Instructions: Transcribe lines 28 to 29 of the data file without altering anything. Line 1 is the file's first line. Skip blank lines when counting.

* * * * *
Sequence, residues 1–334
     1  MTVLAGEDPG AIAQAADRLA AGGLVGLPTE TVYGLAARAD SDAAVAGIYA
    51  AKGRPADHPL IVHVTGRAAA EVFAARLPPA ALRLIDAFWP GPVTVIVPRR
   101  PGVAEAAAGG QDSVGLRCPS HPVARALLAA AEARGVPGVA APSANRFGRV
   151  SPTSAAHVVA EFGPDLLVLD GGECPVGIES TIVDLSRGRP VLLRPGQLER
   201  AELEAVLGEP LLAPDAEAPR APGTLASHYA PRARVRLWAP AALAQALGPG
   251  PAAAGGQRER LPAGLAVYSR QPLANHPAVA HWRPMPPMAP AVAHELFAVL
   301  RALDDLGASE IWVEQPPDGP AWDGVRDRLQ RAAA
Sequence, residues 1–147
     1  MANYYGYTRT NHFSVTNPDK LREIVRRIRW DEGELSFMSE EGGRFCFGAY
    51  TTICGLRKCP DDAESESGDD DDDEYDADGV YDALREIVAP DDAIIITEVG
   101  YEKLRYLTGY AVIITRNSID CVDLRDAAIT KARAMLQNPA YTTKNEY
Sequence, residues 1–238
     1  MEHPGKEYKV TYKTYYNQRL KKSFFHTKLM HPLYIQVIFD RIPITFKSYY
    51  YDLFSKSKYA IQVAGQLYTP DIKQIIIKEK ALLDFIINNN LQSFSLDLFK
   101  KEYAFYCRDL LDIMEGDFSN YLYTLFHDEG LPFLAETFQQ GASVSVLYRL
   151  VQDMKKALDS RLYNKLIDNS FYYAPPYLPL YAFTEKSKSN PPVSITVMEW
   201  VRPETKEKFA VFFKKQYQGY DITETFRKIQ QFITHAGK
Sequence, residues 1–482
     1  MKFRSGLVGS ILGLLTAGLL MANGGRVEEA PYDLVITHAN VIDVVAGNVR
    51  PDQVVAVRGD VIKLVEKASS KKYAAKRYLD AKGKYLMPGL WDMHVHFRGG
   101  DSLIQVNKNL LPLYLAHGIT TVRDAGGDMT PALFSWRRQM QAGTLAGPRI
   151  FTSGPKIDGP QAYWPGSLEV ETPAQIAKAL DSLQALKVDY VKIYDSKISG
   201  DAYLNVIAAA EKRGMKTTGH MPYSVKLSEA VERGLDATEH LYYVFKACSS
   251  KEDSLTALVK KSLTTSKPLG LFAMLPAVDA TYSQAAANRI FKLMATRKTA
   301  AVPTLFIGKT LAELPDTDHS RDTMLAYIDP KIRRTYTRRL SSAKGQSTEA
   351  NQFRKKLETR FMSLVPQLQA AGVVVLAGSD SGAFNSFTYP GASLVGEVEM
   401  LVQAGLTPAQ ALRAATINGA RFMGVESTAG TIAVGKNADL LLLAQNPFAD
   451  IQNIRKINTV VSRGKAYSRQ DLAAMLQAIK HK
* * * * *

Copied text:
   401  LVQAGLTPAQ ALRAATINGA RFMGVESTAG TIAVGKNADL LLLAQNPFAD
   451  IQNIRKINTV VSRGKAYSRQ DLAAMLQAIK HK